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Every time I look in the full-length mirror, I want to be slim, fit, healthy and strong.
It’s actually my mantra for my health and fitness goals.
And I can’t say that I’m disappointed with what I see (read here how I’ve recently lost 20 pounds), but my body is far from the slender and toned vision I have for myself.
But I’ve now found my role model!
I was recently chatting over email with an Exhilarance follower who sent me a photo of herself in a bikini - and I was blown away.
She’s 61 and looks fitter than any 20-year-old I know.
What immediately inspired me – on top of her amazing physique – was her go-getter attitude and zest for life. She told me: “There is no reason not to wear what we wanna wear (after 40) and keep fit as we age. This is a lifestyle, not a fad, nor a race.”
I told her that I want to be exactly like her when I grow up. 🤣 I’m 45.
So I asked her about her exercise and nutrition secrets. And this is what she told me…
“I exercise (at home now) with dumbbells 5 days per week and have for the last 30 years or so. Plus I danced salsa and argentine tango for the last 20 years. (Hope to get back to that soon.)
I have a lot of food allergies so I'm very selective in what I eat. But yes, I do eat chocolate and even some potato chips nearly every day. The secret is consistency!
For breakfast, I eat one egg with gluten-free toast, plus half a protein shake with organic green powder (I take the other half in the evening after my workout). I eat 1/3 of a protein bar for my mid-morning snack, and a little bit of chocolate and/or a handful of cashews, pecans or walnuts for my mid-afternoon snack.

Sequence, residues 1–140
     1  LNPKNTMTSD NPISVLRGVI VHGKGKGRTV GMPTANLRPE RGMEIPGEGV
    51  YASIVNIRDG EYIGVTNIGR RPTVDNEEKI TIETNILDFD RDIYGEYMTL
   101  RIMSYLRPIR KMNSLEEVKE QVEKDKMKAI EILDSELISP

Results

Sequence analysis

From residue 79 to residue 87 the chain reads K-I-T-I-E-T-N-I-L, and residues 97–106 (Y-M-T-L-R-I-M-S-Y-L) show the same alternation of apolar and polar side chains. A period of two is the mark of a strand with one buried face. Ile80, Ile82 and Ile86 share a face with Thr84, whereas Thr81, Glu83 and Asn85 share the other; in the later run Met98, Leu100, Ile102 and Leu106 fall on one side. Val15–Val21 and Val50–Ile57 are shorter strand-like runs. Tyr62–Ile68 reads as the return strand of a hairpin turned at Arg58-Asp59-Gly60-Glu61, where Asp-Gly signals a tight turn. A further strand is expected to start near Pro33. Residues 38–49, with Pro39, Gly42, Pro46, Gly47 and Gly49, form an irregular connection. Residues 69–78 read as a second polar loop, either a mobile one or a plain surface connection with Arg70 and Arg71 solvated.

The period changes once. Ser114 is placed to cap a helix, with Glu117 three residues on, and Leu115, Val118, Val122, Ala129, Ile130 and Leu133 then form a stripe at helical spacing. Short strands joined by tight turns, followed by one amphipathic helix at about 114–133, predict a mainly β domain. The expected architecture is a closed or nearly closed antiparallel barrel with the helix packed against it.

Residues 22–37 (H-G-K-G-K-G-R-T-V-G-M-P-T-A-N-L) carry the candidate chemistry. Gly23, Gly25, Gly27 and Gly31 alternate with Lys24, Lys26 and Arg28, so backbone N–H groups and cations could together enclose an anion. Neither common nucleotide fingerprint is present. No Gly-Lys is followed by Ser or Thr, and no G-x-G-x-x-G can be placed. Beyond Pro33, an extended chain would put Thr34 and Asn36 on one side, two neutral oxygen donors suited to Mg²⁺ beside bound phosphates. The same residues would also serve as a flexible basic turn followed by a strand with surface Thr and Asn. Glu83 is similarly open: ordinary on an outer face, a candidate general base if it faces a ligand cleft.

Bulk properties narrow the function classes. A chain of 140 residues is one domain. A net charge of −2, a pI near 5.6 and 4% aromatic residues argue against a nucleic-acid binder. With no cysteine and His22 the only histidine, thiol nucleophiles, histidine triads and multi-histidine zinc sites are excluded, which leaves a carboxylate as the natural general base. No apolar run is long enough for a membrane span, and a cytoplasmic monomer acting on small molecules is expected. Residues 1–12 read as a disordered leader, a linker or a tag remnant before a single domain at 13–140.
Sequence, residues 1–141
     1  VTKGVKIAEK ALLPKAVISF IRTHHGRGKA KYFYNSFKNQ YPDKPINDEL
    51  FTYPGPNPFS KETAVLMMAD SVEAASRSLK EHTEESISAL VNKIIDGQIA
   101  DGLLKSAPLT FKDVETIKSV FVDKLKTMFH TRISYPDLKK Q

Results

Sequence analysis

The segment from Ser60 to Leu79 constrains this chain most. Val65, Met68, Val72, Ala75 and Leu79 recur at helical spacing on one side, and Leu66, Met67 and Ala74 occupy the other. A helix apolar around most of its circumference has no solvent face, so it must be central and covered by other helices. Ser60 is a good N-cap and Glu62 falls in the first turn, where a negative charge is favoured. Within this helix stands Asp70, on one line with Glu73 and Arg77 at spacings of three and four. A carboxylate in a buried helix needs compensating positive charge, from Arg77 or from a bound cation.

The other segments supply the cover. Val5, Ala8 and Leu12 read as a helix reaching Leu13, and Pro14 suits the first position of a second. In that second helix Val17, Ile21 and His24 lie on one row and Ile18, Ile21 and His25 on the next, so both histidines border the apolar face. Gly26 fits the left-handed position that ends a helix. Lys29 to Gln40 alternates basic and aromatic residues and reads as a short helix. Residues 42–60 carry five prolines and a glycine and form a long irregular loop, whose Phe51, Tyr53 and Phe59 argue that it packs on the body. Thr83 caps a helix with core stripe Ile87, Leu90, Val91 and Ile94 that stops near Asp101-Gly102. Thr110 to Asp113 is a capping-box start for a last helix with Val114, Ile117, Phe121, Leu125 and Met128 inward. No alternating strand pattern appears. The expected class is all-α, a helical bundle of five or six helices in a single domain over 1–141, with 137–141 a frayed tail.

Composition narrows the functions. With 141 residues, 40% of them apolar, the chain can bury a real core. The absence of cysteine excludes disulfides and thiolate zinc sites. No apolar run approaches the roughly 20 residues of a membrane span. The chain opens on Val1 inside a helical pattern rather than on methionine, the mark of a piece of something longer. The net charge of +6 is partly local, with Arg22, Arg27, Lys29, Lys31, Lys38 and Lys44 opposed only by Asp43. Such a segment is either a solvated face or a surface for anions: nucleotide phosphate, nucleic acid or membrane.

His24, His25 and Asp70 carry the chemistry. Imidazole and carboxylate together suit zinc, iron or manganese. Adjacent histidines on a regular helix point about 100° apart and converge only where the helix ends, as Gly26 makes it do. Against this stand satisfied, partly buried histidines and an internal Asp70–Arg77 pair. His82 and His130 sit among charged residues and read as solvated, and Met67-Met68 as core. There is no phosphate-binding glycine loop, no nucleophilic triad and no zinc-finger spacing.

For lunch and dinner I eat 3-4 ounces of mostly chicken, plus salad or sweet potatoes or brown rice.
I do cheat a little with gluten-free cookies and a few chips or gluten-free snack crackers. I don't drink alcohol, but do drink 50 oz of alkaline water daily.”
I was immediately inspired to research to find out if these tips would work for everyone and what the “experts” recommend. I mean, maybe this very nice woman is just blessed with good genetics and a whole lot of luck from the Gods. 🙄
So here is what I found out.
- As we age, it becomes even more important to exercise and eat right if we want to maintain a healthy lifestyle. Fitness after 50 means varying your exercise and modifying your diet.
- Your diet is said to account for as much as 60 to 70 percent of your level of physical fitness. While staying active is important, the quality of your nutritional intake is more important for weight management after the age of 50.
- Past a certain age, people begin to lose muscular strength, balance and flexibility, but that does not mean that you can’t get younger!
- Listening to your body is as important with diet as it is with exercise, and moving your body and eating well will change the way you feel.
Physical activity keeps your bones strong, preserves muscle mass, maintains flexibility, and helps manage age-related weight gain.